AN ANALYSIS OF LANGUAGE PRACTICES IN INCLUSIVE ENGLISH LANGUAGE CLASSES OF SELECTED SECONDARY SCHOOLS IN CENTRAL PROVINCE
Banda, Malita Favour
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Inclusive education is the type of education that puts all the pupils regardless of their physical or mental disabilities to learn together. For example, the deaf learners put in the same class with the learners who are not deaf. The study aimed at analyzing language practices in selected inclusive education classrooms that have learners with hearing impairments in selected secondary schools of central province. The study was anchored on three objectives as follows: analyze language strategies teachers used when teaching English Language in inclusive classes, asses the nature of interaction between the pupils with hearing impairments and those without hearing impairments and establish challenges that teachers faced when providing instruction to inclusive classrooms. The method used was mixed methods, mainly qualitative and a bit of quantitative data was collected. The design was descriptive employed through face to face interviews, document analysis, focus group discussions and classroom lesson observations. 16 teachers of English Language and 180 pupils who were purposively sampled participated in the study and the findingswere analyzed thematically and statistically. The study established that there were various Language Practices that teachers and learners used when teaching/ learning in inclusive classes of the hearing impaired learners and the non-hearing impaired. The Language Practices that were mainly used were simultaneous use of verbal and sign language, use of language interpreters among teachers who did not know sign language, interpretation of sign language to verbal language in a class where teachers could not only use sign language as well as use of pictures and videos to deliver lessons. The nature of nature was such that pupils interacted in class when the teacher was around but did not interact outside where teachers were not present. There was discrimination and abuse of with each other which led to groups avoiding each other. Out of the four schools that the researcher visited, almost all of them complained of lacking adequate teaching/ learning materials and most of the teachers handling classes of sign language upon deployment lacked the knowledge of the standard sign language. The study recommended that more teaching and learning materials for the learners should be availed in Schools that provide these services and that more sensitization should be made to the pupils without hearing impairments so as to lessen stigmatization between the two groups of learners (hearing impaired and non-hearing impaired). Finally, government should put in a deliberate policy to train more teachers of special education on how to use the standard sign language to alleviate the shortages.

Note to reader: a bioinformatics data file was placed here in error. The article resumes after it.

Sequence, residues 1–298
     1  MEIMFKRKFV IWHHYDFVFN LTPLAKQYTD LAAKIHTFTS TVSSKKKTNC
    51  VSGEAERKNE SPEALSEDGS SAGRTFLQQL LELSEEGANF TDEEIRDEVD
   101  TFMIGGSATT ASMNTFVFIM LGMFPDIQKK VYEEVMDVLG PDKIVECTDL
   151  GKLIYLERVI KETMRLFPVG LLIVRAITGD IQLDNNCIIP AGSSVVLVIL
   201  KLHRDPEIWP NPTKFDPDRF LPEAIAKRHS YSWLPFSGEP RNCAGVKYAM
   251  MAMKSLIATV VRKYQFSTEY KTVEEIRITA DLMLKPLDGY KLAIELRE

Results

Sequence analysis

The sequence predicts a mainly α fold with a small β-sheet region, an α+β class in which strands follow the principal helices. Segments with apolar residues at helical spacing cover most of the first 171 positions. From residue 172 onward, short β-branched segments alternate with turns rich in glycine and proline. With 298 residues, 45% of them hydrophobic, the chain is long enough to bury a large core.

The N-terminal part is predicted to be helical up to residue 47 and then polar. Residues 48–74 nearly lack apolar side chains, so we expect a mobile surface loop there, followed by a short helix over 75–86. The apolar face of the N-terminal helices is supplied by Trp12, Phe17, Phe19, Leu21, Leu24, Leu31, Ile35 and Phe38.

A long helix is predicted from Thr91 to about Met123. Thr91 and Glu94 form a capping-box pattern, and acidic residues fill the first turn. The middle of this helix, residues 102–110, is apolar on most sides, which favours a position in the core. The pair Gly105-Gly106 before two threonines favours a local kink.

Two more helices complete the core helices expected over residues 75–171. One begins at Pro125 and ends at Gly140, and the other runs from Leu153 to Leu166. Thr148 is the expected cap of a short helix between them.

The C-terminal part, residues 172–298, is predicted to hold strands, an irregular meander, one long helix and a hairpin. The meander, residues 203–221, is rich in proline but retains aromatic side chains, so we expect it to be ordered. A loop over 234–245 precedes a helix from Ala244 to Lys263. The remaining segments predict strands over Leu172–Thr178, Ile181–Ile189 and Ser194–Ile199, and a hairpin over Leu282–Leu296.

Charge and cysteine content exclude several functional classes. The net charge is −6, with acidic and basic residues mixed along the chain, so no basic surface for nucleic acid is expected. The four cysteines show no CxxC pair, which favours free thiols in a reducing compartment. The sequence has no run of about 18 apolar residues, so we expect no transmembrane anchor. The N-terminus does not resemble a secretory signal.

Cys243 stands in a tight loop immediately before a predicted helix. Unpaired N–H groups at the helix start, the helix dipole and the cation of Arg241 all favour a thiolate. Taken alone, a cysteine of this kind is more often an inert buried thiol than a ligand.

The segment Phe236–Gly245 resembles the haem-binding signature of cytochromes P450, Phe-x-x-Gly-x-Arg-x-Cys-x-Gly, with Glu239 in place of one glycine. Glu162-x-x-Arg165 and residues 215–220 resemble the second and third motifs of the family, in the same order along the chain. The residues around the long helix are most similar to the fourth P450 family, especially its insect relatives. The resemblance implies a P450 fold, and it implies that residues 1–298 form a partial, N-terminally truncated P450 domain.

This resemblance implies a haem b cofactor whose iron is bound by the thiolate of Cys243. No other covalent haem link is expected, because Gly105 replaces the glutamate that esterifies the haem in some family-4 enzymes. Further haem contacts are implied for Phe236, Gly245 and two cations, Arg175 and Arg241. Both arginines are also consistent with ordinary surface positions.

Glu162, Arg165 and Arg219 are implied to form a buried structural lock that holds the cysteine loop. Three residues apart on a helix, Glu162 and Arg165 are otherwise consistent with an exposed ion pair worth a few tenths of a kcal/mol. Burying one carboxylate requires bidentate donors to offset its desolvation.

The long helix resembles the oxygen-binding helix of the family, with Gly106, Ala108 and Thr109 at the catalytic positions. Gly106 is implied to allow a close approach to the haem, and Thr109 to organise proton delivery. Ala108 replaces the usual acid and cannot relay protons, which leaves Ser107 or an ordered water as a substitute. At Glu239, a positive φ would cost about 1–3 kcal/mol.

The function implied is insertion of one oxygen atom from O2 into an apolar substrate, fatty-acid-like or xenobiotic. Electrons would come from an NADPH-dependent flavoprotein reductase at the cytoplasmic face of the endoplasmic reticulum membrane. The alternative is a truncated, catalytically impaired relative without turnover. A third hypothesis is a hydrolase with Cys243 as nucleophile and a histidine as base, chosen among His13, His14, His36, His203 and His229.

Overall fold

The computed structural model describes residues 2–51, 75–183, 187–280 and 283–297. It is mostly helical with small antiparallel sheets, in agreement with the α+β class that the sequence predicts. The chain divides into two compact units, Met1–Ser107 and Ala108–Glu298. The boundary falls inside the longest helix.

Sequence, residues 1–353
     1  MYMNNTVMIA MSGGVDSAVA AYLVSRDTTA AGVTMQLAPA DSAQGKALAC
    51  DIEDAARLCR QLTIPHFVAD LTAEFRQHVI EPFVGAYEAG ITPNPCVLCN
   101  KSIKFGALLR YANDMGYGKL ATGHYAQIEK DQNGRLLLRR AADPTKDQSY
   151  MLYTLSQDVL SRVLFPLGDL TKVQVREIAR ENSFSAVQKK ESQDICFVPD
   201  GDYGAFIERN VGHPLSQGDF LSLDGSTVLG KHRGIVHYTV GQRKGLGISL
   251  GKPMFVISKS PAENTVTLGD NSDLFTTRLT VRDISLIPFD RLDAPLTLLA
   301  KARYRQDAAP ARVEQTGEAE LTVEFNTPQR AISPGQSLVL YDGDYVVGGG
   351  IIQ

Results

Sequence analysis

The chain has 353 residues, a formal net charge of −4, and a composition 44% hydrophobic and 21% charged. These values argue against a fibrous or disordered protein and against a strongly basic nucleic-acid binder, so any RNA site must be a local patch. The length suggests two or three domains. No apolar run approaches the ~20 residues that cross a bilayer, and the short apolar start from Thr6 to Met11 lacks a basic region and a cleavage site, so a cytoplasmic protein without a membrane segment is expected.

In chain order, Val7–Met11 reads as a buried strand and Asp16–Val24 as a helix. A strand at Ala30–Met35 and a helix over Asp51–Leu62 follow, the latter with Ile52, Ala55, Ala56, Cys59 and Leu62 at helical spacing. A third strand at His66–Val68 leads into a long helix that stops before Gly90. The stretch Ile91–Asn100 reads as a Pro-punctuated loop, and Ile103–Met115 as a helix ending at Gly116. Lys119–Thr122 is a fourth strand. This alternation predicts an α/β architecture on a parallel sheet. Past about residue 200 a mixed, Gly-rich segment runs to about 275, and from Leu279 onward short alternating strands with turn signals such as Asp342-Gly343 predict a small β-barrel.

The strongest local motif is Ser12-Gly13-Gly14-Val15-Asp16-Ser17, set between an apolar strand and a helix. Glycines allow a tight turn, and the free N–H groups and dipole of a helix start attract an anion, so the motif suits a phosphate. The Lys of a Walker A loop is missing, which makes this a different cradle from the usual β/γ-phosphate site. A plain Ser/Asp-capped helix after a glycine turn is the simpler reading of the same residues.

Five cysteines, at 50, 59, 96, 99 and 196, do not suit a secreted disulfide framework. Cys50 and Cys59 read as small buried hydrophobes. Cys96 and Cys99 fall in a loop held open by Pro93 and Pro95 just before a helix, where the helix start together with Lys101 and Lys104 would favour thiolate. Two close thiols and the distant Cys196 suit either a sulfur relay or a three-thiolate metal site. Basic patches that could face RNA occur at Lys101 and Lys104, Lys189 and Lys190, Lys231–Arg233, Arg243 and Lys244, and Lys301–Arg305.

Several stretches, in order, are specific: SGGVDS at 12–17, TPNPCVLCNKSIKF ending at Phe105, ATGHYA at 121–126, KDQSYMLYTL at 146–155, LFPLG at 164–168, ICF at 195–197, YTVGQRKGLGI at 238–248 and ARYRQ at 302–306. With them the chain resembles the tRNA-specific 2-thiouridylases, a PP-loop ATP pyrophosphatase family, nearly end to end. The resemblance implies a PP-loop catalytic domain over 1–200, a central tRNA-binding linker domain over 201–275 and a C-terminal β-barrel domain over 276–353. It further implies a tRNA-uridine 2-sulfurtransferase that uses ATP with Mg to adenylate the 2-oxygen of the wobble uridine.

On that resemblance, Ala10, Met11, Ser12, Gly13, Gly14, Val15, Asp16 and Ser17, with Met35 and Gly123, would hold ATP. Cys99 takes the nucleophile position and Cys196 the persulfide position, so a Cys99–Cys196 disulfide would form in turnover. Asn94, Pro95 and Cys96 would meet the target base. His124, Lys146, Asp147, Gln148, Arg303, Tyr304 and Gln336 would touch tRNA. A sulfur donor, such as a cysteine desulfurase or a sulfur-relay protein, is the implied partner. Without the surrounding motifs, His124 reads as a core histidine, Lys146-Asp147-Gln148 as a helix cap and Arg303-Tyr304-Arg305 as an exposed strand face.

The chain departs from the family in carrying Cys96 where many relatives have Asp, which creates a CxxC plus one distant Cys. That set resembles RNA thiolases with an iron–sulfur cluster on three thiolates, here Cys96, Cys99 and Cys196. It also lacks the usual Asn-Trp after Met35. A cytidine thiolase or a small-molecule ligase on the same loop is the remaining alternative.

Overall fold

The University of Zambia
- Education